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Recently, things have not been going the greatest with my mother. On my Christmas vacation home, we had a series of fights about little things. My mom wanted to just drop the issues, but I wanted to solve them for the long term. It lead to a conversation where she felt I wouldn’t just let things be and I felt she wouldn’t get serious! However, eventually, she did sit down with me to discuss our issues. After about ten hours of discussion, we finally came to a list of resolutions!

One of these issues was that she liked taking pictures randomly while I liked having her focus. It’s important to me to spend quality time with someone I love, which to me implies giving each other our full attention. After a bit of back and forth, we came to a resolution to discuss and agree on a period during which I would happily pose for photos and a period where we would do things together. It seemed like a logical and wonderful solution, right? Or so I thought.

The very next day, we went to a ranch for a horseback riding lesson. I was excited that we were making progress in our relationship and working out our issues! As we arrived at the ranch, I eagerly discussed with my mom the logistics of the picture taking and settled on the last 5 minutes of the lesson. “Great!” I thought, “I’ll hold up my end of the bargain by specifically asking the wrangler to allow us time to take pictures at the end”. I did just that.

The ride started out great. The lady taught me how to ride on an English saddle, how to lead the horse, and how to post while trotting. I was having a great time! Happy that I was making progress, I wanted to share my thrills of success with my mom! As I rounded a corner, I looked for her, to give her a smile and a wave.

However, as I spotted her, I noticed that she wasn’t even watching me! She was talking to another lady in what seems like relatively shallow conversation. I felt disappointed at the complete lack of interest. Then, a few rounds later, I looked for her again hoping that the conversation’s finished by now. However, instead of a seeing a happy face smiling at me, I saw a camera. SNAP!!

I was furious. Had the endless hours of talking been for nothing? As I spoke with my mom, she didn’t seem the least bit sorry! A lot of excuses such as “It was only one picture!” or “I need to see you on the horse naturally!” kept coming up. Does she not know that I am giving her time and trying to do the best I can to make it work? The more she talked, the more unappreciated I felt and the more angry I got. As she started talking to me in a tone that portrayed complete defiance, I exited the car as she was driving. As I hit the curb, I decided to take a taxi back to New York on my own, yelling back that I’m never talking to her again.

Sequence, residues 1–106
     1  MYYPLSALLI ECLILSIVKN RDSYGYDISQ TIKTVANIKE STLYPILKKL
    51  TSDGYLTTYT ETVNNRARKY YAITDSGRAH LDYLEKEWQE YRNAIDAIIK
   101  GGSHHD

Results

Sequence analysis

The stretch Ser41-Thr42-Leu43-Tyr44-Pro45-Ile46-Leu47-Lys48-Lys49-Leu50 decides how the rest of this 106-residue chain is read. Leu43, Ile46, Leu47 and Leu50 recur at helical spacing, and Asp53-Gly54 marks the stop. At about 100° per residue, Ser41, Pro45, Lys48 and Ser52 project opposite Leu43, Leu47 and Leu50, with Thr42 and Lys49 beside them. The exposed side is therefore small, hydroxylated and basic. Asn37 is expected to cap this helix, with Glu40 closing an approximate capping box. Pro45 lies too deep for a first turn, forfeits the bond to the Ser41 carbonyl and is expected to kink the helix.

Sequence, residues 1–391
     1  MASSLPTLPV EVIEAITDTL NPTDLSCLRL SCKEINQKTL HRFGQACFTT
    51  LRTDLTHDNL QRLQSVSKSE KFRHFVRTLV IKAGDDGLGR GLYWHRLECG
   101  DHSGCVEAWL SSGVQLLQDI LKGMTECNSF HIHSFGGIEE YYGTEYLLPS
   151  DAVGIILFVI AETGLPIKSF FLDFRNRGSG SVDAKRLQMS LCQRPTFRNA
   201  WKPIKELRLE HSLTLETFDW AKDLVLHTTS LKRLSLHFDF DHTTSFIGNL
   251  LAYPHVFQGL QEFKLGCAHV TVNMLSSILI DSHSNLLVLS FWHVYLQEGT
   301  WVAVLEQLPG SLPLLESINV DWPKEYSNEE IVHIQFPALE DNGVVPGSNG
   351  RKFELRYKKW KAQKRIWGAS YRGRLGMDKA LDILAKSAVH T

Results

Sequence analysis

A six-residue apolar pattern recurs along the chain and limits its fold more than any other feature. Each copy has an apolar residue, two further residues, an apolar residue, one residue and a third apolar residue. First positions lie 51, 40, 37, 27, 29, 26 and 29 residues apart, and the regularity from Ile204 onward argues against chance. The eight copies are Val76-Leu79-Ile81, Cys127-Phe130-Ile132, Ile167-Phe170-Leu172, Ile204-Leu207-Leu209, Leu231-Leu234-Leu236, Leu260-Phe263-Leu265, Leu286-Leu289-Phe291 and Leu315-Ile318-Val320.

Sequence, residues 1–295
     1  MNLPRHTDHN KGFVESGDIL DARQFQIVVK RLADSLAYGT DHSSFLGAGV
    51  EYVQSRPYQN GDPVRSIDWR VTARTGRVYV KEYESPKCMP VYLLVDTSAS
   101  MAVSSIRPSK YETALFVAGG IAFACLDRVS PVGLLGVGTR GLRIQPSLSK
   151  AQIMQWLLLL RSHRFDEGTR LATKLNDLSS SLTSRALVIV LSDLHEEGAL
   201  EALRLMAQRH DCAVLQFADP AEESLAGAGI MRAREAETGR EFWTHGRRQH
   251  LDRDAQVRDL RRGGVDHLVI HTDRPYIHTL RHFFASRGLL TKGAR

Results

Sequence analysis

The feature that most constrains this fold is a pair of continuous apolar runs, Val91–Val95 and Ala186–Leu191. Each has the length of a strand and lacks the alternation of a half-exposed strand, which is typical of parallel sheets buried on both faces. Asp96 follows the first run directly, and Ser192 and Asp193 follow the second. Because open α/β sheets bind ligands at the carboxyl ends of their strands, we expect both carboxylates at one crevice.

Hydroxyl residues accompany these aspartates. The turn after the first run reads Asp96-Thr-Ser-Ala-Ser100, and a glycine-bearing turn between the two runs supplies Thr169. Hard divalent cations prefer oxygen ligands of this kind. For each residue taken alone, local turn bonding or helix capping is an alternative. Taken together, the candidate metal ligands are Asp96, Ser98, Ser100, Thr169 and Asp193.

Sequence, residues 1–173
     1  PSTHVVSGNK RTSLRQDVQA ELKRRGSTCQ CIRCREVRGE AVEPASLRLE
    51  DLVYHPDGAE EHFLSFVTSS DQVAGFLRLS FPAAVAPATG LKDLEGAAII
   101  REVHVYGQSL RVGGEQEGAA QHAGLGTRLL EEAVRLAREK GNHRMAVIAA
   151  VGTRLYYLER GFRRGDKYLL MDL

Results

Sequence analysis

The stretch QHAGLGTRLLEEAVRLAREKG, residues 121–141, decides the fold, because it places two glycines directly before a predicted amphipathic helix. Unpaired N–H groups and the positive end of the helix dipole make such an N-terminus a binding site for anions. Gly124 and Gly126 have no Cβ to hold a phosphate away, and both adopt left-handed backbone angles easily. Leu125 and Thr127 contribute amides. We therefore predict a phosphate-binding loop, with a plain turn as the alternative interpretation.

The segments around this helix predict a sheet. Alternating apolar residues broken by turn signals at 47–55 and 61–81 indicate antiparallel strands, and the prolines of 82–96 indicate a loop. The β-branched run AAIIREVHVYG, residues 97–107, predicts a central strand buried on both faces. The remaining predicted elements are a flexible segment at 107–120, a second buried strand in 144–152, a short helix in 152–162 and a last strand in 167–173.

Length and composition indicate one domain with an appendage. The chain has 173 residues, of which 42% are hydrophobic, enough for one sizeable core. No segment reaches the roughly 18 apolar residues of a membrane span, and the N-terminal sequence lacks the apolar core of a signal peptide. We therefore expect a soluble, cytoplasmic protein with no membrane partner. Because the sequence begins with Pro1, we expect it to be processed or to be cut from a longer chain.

Of course, I did talk to her afterwards, but remained emotionally distant. Despite anything that’s happened, I still loved her. I wanted to take care of her and have her be okay, but I simply wasn’t able to stand the constant disturbance of my emotional equilibrium and told her as much.

That was about a month ago. Not a day passed where this turn of events hasn’t bothered me. Logically, it seems to make sense. If someone keeps doing things that make you uncomfortable, should you not distance yourself so that you don’t get hurt? Besides, I felt that it was my mom who wanted to talk to me, not the other way around. I didn’t really see a lot of value in my interactions with her. Should she not be the one making more of an effort? However, no matter how I justified it, it just didn’t feel right!

Subconsciously, I knew that she did have a lot of value to me! I just couldn’t quite place my finger on it. Something feels missing! “What do I gain by interacting with her?” I asked myself over and over. There must be something! Why do I feel so discomforted not talking to her for a long period of time? I thought about it more and more, not quite grasping the reason for the nagging feeling of having made a mistake.

Then last night, it struck me. I was in a great mood having just talked to my girlfriend, and thought about what a motivating effect she had on me. It suddenly occurred to me that there was a strong correlation between how often I talked to my mom and how motivated I was! I could remember the period that I spoke with her every day; I had a strong sense of purpose and drive. As my contact with her dimmed and our emotional connection weakened, I could remember wondering what the point of life was and feeling a general sense of loneliness.